Forum for Science, Industry and Business

Sponsored by:     3M 
Search our Site:

 

Saving rubber for future generations

09.03.2006


Natural rubber is currently technically unavoidable for some purposes, despite the competition from synthetic rubber. Most notably, it accounts for 75% of the rubber used in the tyre industry. However, although Hevea brasiliensis originated in the Amazon Basin, rubber growing has only really developed in Asia and Africa. In Latin America, “South American leaf disease”, caused by the fungus Microcyclus ulei, has until now totally prevented the development of rubber growing, or at least almost totally: rubber trees have become resistant to the fungus in some areas of Amazonia. However, to date, there have never been any varieties that combine parasite resistance and productivity. This could be disastrous for rubber growing worldwide were the fungus to be introduced accidentally into Asia or Africa.



Resistant and high-yielding rubber plants in quarantine at CIRAD

The threat is on the verge of being overcome. In late December 2005, plants of thirteen high-yielding rubber varieties resistant to Microcyclus were shipped to CIRAD from Michelin’s Itubera estate in Brazil. They are now in quarantine in a confinement zone, where they will remain for two years and undergo a range of tests to ensure that they do not carry any spores of the parasite.


These varieties are the first major step forward in over twenty years’ research at CIRAD, working since 1992 with Michelin, in Montpellier, French Guiana and Brazil. They are controlled crosses produced by hand pollination, and have been assessed for twelve years at Michelin’s Itubera estate. The process is continuing, crossing very high-yielding varieties that are susceptible to the disease, such as those currently grown in Asia and Africa, with resistant or highly tolerant trees from the Amazon Basin that are not so high-yielding*. Every year, during the short flowering period, researchers remove the stamens from the flowers of one variety so as to inseminate the flower by hand with the pistils of another. The resulting seeds are then germinated to produce thousands of seedlings that will grow in the presence of the disease. Those that resist strong parasite pressure in the field are selected based on their productivity after five to seven years. New plants are produced each year.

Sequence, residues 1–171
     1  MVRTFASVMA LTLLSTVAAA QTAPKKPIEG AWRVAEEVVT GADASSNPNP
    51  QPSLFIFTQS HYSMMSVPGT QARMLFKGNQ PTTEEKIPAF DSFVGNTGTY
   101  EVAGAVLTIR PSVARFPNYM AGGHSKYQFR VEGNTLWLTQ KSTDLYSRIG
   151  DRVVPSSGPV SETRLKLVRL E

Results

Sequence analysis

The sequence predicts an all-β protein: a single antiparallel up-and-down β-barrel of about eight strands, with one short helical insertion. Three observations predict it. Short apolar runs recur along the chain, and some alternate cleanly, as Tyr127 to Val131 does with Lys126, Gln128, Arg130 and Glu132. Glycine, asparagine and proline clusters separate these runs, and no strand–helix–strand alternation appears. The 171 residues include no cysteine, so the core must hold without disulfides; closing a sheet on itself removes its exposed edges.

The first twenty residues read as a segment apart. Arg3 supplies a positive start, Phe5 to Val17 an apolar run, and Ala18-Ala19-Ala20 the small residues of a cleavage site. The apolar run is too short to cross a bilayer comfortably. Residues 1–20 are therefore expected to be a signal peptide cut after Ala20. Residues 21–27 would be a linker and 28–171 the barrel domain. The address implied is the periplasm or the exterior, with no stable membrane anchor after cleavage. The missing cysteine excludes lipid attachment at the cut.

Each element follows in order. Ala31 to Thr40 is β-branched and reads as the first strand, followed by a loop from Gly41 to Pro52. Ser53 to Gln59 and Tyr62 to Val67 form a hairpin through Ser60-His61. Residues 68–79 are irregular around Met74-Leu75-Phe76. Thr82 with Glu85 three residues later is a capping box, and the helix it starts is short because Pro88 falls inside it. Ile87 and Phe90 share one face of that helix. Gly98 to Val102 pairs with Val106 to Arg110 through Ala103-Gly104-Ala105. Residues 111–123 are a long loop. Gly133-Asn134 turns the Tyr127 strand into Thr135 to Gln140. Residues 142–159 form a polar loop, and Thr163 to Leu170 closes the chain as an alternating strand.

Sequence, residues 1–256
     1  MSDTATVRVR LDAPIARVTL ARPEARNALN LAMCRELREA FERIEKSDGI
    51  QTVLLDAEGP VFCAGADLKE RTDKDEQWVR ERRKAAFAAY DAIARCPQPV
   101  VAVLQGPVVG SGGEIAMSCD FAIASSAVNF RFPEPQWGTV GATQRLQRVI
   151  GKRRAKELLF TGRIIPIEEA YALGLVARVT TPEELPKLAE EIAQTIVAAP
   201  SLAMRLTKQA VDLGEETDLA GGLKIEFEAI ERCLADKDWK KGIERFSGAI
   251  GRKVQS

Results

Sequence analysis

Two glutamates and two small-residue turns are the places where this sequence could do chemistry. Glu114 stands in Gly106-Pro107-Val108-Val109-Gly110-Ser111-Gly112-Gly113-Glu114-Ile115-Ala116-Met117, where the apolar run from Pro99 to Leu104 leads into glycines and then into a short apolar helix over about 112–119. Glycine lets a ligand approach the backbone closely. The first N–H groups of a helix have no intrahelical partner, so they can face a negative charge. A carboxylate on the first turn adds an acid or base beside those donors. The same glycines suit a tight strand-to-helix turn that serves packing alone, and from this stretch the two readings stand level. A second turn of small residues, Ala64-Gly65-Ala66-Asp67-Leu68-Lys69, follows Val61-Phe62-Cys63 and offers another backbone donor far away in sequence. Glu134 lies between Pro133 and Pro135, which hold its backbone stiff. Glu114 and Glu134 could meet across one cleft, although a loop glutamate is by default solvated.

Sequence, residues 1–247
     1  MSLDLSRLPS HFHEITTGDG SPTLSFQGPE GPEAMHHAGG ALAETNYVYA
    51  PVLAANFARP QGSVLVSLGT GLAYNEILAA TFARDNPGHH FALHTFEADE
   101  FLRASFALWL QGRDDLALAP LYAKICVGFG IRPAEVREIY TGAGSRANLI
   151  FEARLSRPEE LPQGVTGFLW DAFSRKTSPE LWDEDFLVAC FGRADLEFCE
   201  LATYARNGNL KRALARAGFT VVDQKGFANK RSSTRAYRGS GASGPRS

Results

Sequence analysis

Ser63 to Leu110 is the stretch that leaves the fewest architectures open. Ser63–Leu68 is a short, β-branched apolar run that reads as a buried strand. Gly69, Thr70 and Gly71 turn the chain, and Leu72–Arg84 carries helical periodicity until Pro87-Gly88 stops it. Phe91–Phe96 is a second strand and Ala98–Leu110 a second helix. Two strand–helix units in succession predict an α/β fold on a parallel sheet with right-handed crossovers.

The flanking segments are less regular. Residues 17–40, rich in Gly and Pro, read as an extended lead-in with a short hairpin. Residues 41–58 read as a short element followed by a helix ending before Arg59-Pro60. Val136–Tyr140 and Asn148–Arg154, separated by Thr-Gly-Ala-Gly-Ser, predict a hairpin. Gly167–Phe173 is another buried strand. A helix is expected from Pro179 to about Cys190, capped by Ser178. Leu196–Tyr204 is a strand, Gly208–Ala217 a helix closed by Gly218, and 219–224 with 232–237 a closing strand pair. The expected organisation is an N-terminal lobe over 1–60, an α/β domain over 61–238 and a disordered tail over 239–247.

The plants that have been in the CIRAD glasshouses for the past few weeks are the first varieties produced under this research programme to reach the pre-development stage.

A new phase of tests in metropolitan France and several African and Asian countries

The latest phase of tests should provide answers to several questions. While the varieties are both resistant and high-yielding at Michelin’s estate in Bahia, will they remain so under other environmental conditions, particularly in Asia and Asia, and even in other parts of South America? CIRAD’s Microcyclus ulei fungus collection in Kourou, French Guiana, which includes several strains from different countries, could help to answer that question. There is also another question: what are the risks of the plants being susceptible to other parasites?

The first step is to ensure that the parasite was not introduced into France during transport, despite all the precautions taken. The planting material was transferred in the form of budded stumps of the thirteen genotypes involved. Before they left Brazil, they were given pesticide and fungicide treatments against Microcyclus ulei but also other parasites, as laid down in French law. On arrival, they were potted in the CIRAD glasshouses in Montpellier. They are now growing, and testing will begin in the next few months, once they have leaves. The parasite may not immediately be visible, which is why non-resistant control plants have been placed next to the test plants. If the plants pass this first test, a second round of budding should rule out any risk of “dormant” spores. If this stage is successful, the plants will be sent to partner research organizations in Africa and Asia, where they will again be placed in quarantine and undergo further tests. Trees of varieties created subsequently in Brazil will be tested in the same way each year.

Improving the breeding technique

Alongside this, researchers are working to improve the breeding technique, and have plans to use genetic markers. We now know which parts of the rubber genome are involved in resistance. However, things are not as simple as they look. Natural resistance to Microcyclus in rubber uses mechanisms that involve a large number of genes. Moreover, the fungus has already proved capable of overcoming resistance. What are the mechanisms involved? The answers that researchers manage to come up with in the coming years should shed light on how resistance develops and make it easier to breed resistant individuals.